Soil Solarization is most effective against organisms that are found in the areas of greatest temperature, 5-6 inches deep. The benefits gradually lessen as the temperature goes down at greater depth.
Organisms that are mobile, such as earth-worms move down as the heat increases and are not harmed.
Soil Solarization is useful in killing weed seeds but gradually lessens as the temperature gets lower with depth. Any plant that has deep roots or soil structures such as rhyzomes are not affected as much.
Besides reducing or killing the soil pests and pathogens, it increases the availability of various nutrients including nitrogen. The higher temperatures allow for faster breakdown of organic matter and the resulting increase of available nutrients. Plants that are grown in soil that has been solarized usually grow better and stronger because of reduced disease, improved nutrition, fewer organisms attacking and eating them, and lessened competition from weeds.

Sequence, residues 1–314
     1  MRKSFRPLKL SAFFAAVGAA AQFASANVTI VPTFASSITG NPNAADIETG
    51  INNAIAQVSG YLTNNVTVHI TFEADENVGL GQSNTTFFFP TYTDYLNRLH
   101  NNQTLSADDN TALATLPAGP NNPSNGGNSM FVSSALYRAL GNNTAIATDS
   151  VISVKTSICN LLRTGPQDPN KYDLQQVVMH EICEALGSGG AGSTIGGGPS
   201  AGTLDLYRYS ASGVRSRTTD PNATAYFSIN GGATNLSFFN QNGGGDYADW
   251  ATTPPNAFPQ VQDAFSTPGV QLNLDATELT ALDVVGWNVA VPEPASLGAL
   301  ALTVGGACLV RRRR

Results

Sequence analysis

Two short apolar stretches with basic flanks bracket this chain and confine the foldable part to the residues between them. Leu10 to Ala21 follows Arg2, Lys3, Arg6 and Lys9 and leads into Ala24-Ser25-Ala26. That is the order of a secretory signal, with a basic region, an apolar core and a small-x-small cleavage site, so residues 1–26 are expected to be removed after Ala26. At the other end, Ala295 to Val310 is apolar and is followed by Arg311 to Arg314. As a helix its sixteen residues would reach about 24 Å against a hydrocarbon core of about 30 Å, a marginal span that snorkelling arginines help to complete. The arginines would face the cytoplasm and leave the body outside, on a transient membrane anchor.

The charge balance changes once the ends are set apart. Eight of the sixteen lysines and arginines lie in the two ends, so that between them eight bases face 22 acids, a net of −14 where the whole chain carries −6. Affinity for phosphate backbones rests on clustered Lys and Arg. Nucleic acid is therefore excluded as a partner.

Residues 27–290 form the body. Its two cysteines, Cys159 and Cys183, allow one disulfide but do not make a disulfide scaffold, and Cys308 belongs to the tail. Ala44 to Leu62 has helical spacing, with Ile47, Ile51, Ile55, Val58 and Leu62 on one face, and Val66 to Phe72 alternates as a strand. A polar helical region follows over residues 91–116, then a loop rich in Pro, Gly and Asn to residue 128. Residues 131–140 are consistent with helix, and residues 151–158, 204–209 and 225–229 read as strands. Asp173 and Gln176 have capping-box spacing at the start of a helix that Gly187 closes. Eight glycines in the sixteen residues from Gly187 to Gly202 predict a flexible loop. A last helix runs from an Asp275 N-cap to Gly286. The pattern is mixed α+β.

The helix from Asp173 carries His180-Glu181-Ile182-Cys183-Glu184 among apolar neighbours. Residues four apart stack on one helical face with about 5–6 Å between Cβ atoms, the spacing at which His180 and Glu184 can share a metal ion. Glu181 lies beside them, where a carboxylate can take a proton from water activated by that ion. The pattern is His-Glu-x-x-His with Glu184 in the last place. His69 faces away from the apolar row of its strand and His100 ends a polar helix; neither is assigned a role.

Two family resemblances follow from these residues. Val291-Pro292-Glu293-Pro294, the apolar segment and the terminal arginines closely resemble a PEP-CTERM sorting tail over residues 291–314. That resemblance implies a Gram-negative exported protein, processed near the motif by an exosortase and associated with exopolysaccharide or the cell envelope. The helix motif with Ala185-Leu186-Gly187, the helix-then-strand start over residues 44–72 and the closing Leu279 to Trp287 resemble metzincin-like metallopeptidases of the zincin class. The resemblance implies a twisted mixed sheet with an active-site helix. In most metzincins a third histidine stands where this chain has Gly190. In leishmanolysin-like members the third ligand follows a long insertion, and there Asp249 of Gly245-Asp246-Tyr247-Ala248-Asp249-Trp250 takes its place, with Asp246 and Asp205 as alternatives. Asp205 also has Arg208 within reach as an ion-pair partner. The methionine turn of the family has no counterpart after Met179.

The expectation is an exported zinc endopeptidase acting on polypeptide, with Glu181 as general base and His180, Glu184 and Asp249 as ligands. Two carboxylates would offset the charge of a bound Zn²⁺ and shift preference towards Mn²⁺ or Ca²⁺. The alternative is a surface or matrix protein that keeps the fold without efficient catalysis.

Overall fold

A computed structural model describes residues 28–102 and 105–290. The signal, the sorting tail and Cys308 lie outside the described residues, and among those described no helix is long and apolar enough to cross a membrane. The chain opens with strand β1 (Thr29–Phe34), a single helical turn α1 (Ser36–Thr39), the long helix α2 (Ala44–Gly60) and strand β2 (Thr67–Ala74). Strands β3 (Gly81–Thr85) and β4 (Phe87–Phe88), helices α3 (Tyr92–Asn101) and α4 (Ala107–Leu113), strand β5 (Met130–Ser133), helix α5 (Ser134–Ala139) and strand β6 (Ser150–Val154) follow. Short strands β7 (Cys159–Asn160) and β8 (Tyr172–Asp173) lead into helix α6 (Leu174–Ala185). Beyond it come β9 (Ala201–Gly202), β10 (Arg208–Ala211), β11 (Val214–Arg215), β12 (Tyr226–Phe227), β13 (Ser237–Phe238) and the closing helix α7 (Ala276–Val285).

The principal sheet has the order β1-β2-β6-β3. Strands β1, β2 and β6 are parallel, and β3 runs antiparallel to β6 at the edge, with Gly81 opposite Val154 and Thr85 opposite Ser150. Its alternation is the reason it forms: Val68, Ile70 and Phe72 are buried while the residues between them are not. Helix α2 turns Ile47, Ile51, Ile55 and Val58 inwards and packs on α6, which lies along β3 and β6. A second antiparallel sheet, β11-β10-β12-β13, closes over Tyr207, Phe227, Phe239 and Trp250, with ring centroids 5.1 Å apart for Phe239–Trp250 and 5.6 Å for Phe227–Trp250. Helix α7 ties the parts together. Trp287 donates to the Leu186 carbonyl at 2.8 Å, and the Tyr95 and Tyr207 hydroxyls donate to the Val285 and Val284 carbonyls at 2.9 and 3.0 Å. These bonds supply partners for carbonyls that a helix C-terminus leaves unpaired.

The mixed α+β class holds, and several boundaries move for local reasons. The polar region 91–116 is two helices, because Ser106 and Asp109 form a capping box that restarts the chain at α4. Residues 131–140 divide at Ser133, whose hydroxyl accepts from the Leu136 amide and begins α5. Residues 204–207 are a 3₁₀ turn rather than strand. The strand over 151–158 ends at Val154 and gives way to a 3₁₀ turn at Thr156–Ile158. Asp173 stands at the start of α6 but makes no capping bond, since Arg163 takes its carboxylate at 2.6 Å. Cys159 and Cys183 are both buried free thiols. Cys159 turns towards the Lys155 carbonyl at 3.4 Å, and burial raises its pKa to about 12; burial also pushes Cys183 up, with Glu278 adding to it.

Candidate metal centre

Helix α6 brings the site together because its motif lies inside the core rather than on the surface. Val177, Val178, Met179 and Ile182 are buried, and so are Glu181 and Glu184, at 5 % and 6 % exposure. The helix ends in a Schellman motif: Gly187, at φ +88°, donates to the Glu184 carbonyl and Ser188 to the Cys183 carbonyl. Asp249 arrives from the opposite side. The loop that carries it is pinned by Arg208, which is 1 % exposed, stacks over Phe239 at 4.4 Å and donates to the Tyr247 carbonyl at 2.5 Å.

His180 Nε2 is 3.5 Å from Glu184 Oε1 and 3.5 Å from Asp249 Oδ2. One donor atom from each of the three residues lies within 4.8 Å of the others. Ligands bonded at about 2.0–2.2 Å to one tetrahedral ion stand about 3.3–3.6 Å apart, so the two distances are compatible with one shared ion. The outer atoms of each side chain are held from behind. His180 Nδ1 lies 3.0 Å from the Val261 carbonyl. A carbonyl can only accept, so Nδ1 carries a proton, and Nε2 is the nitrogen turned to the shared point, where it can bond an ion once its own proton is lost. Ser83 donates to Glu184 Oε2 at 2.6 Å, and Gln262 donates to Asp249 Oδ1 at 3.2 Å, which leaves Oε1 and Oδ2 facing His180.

What pests can I expect to be killed or slowed down.
Soil Solarization is most effective in controlling annual seeds that are closest to the surface. Perennials are tougher and require the maximum temperature to die. All conditions need to be at their best to kill some plants. High level of sunshine, longer solarization period, enough moisture in soil, well placed plastic tarp that does not allow heat to escape.
Bacteria and Fungus
Solarizing your soil can significantly reduce some soil-borne pathogens. Damping off, fusarium wilt, tomato canker, crown gall, vermicillium wilt are good candidates.
Airborne bacteria and fungus will not be affected.